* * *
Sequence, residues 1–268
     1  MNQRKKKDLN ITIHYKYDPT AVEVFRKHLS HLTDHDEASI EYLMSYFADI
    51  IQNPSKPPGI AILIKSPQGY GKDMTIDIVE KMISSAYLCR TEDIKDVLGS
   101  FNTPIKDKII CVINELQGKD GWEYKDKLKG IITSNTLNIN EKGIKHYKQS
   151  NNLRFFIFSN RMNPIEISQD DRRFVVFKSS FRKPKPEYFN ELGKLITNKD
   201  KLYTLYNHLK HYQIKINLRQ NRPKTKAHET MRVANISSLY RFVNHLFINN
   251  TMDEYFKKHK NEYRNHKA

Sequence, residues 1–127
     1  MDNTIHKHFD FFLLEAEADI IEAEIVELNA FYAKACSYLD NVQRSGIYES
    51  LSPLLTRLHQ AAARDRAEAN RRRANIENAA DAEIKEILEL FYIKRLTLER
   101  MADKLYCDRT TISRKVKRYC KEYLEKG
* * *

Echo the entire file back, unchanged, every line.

Sequence, residues 1–268
     1  MNQRKKKDLN ITIHYKYDPT AVEVFRKHLS HLTDHDEASI EYLMSYFADI
    51  IQNPSKPPGI AILIKSPQGY GKDMTIDIVE KMISSAYLCR TEDIKDVLGS
   101  FNTPIKDKII CVINELQGKD GWEYKDKLKG IITSNTLNIN EKGIKHYKQS
   151  NNLRFFIFSN RMNPIEISQD DRRFVVFKSS FRKPKPEYFN ELGKLITNKD
   201  KLYTLYNHLK HYQIKINLRQ NRPKTKAHET MRVANISSLY RFVNHLFINN
   251  TMDEYFKKHK NEYRNHKA

Sequence, residues 1–127
     1  MDNTIHKHFD FFLLEAEADI IEAEIVELNA FYAKACSYLD NVQRSGIYES
    51  LSPLLTRLHQ AAARDRAEAN RRRANIENAA DAEIKEILEL FYIKRLTLER
   101  MADKLYCDRT TISRKVKRYC KEYLEKG